My second favourite issue of this volume. We finally meet another member of Dream’s extended family in “Death”, who is a curious and funny “goth-looking” teenager. At least, that is how she is represented. Death appears close to Dream, and they do have very similar appearances. But their jobs as “gods” over their realms are extremely different. And we get to see Death’s power and how she interacts with humans on earth. She also takes Dream along for the ride on a few of her visits.
If you recall, in the first issue, Death was the god that Roderick Burgess was initially trying to summon and trap in his magical cell, but he ended up with Dream instead. It’s interesting because of what Dream says to the sorcerers when he speaks, which leads me to believe that Death may look appealing and even appear non-threatening, but she is not to be trifled with.
It’s so intriguing to see two gods working together and blending in on earth like normal people. I cannot wait to start the next volume, which I’ll be reviewing here also.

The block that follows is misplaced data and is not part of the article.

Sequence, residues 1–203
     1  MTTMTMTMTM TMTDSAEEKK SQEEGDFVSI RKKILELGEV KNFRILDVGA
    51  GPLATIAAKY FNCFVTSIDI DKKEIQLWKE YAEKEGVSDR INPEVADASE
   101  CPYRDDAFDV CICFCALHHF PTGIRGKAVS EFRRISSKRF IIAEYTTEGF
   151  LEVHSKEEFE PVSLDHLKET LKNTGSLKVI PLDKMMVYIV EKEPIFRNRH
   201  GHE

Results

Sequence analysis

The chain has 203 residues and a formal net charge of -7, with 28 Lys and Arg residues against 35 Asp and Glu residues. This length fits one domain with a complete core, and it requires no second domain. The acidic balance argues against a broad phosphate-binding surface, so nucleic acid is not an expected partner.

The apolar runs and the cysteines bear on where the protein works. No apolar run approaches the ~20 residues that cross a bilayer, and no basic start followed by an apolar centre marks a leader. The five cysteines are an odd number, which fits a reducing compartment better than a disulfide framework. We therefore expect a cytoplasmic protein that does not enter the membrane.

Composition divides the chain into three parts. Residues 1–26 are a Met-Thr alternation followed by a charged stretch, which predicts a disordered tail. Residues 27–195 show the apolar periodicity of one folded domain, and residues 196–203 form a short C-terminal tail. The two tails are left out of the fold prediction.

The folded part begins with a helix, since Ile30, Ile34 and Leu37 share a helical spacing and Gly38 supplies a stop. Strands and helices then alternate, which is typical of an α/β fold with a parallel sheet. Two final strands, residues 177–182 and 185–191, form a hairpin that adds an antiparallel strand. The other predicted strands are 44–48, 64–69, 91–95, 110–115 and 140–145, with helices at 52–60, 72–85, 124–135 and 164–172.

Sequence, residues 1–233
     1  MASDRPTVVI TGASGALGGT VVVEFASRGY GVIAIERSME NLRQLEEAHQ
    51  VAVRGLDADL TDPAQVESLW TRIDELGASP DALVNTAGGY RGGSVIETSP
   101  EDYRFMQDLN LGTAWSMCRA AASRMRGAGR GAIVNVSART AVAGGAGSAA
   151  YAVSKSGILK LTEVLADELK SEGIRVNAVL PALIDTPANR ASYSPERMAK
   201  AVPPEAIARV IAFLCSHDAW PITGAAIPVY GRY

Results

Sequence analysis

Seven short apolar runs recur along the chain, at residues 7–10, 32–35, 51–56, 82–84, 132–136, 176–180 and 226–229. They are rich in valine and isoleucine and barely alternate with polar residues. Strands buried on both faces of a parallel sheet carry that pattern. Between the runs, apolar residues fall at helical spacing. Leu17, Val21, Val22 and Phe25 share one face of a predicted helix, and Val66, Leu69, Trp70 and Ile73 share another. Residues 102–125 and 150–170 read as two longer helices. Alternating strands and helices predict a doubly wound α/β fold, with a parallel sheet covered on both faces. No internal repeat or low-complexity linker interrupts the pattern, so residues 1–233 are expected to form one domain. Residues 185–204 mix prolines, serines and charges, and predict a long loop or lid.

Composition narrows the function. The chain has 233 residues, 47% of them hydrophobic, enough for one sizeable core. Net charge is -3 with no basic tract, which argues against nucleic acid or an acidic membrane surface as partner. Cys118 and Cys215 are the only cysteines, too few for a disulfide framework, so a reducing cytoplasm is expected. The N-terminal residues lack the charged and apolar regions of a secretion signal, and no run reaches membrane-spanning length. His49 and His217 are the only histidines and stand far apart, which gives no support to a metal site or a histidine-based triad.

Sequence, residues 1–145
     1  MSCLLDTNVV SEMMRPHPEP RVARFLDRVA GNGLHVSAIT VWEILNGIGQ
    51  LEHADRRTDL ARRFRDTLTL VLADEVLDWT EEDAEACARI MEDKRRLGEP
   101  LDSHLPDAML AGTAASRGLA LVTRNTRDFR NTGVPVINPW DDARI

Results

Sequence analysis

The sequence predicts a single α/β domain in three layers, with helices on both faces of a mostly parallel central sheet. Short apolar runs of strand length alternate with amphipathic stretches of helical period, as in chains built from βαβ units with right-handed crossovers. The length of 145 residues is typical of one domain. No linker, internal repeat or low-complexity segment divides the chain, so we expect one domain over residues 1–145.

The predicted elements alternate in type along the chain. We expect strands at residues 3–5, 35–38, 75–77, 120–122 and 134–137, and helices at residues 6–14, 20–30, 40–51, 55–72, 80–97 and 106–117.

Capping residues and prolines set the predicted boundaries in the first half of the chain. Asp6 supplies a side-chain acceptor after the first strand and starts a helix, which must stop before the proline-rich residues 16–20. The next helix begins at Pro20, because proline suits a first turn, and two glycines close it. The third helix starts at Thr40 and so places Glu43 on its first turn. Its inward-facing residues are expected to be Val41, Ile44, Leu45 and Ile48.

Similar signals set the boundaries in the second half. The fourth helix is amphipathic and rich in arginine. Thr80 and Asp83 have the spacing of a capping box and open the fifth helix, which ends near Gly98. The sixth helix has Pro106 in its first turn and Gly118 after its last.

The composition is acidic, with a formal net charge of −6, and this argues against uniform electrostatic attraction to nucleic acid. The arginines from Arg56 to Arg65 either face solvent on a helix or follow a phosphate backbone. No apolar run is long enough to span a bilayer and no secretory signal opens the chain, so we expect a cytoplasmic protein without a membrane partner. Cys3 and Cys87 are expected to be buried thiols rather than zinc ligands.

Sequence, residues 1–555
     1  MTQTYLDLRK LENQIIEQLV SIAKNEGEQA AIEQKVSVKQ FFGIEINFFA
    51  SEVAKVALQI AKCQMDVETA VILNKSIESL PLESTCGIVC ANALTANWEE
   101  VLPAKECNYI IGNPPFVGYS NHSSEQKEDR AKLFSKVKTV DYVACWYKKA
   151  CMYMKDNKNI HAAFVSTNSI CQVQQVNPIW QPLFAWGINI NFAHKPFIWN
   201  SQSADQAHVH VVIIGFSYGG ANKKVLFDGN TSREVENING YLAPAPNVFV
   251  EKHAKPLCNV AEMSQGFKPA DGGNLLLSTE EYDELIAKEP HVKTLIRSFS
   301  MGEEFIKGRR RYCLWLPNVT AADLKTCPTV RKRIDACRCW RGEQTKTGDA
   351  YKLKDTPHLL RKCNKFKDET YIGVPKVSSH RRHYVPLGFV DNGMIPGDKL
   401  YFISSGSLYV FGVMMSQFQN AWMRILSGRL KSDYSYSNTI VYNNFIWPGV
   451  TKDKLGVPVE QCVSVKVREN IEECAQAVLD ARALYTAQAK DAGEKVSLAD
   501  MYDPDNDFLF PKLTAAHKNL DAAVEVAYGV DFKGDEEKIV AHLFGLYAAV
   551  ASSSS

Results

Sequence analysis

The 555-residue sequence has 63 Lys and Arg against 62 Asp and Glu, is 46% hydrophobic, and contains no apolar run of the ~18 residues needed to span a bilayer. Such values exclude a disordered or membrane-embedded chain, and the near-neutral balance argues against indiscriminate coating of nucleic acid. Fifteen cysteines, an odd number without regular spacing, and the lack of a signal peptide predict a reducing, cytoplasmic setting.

For a first-time horror-related graphic novel, this work is unprecedented in its execution and delivery. It’s a story for the ages, and the character of Dream has certainly come a long way since the first graphic novel was released. The best part about it is that while there have been different variations of Dream and Gaiman’s universe, with Dream being “reborn” several times as new characters, the mystique and charm of the character has never waned. It’s simply superb. With the recent confirmation that Netflix has bought the rights to produce and create the TV version of The Sandman, we will wait with bated breath for Dream to steal our dreams once more.
Animated book cover by me. Like what you see? Hire me to animate your book cover today!
Book Cover Art – The art contained in the original comics written by Neil Gaiman is beautifully distinct. There is a definite “atmosphere” or “feeling” created by the images, which look more like a collage of different elements relating to the comic. This cover is vibrant, which is not typical of the artwork inside the comics, but it does have the same “weirdness” about it, which suits the comics well. With that concept in mind, I wanted to add something to the feeling already present by creating a face with swirling eyes and a swirling whirlpool in the hand. The zoom effect adds that one other special element to accentuate the cover.